This post is to introduce the FairPay framework and its larger context in The Relationship Economy to those involved with Web Monetization, Web Payments, Interledger, Coil, Grant for the Web, and related efforts to bring monetization directly into open Web standards. It positions FairPay as an architectural framework for important higher-level functions that can leverage the lower-level foundation of these standards and infrastructure that do not track user identity or even sessions.
The FairPay framework provides a perspective on why and how provision for a higher-level of relationship-based features will be important to achieving the full potential of Web Monetization and payments. That perspective suggests that the ability to layer on a persistent identity (even if only an opaque identity) is needed to enable Web Monetization use cases to extend beyond a narrow niche.
FairPay creates a new, holistic framework for economic relationships in the digital world that bridges many worlds, including for-profit, non-profit, and the Creator/Passion Economy, and many perspectives, including transactions, micropayments, subscriptions, memberships, and tipping/donation models. FairPay was first conceived as a specific and radically new strategy for monetizing digital services in a way that is not only effective and efficient, but also fair and win-win. It has grown into a multi-dimensional framework that bridges most forms of human economic relationships through a holistic understanding of value.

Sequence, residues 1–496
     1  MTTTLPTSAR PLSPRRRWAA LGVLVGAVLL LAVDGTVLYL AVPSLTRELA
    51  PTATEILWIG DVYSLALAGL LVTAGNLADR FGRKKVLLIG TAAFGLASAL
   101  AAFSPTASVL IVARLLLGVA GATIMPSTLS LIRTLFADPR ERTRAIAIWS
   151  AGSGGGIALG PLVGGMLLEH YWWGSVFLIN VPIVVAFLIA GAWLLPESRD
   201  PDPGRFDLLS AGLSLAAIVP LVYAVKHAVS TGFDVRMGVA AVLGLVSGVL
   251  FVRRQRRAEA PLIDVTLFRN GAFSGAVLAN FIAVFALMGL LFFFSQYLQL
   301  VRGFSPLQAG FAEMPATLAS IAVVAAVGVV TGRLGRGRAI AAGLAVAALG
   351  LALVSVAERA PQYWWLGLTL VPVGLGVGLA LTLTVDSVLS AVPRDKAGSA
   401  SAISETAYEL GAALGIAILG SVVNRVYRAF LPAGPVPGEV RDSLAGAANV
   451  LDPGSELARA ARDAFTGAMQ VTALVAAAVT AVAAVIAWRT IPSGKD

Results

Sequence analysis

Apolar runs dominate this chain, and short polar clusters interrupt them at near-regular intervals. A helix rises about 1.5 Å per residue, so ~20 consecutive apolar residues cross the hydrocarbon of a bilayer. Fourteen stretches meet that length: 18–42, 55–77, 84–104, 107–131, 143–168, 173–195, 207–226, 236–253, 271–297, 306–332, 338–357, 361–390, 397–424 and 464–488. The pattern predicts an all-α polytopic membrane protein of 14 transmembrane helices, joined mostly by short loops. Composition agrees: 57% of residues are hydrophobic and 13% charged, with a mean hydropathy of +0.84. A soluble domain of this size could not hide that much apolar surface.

That led me to being introduced to the Web Monetization, Interledger, Grant for the Web and Coil community -- and seeing the time may be ripe for a fruitful bridging of silos. This became apparent after a series of conversations with two Mozilla Fellows looking at the broader context of those new initiatives (Matt Mankins and Amber Case), and with an advisor to Coil and the Grant for the Web (Desigan Chinniah). (Some good background is in the W3C interview of Stefan Thomas by Ian Jacobs Link.) Much of the messaging of these initiatives refers (implicitly or explicitly) to "micropayments," a fundamental but fraught concept. Here are my suggestions for building on and broadening that vision to realize the potential of this important development more fully.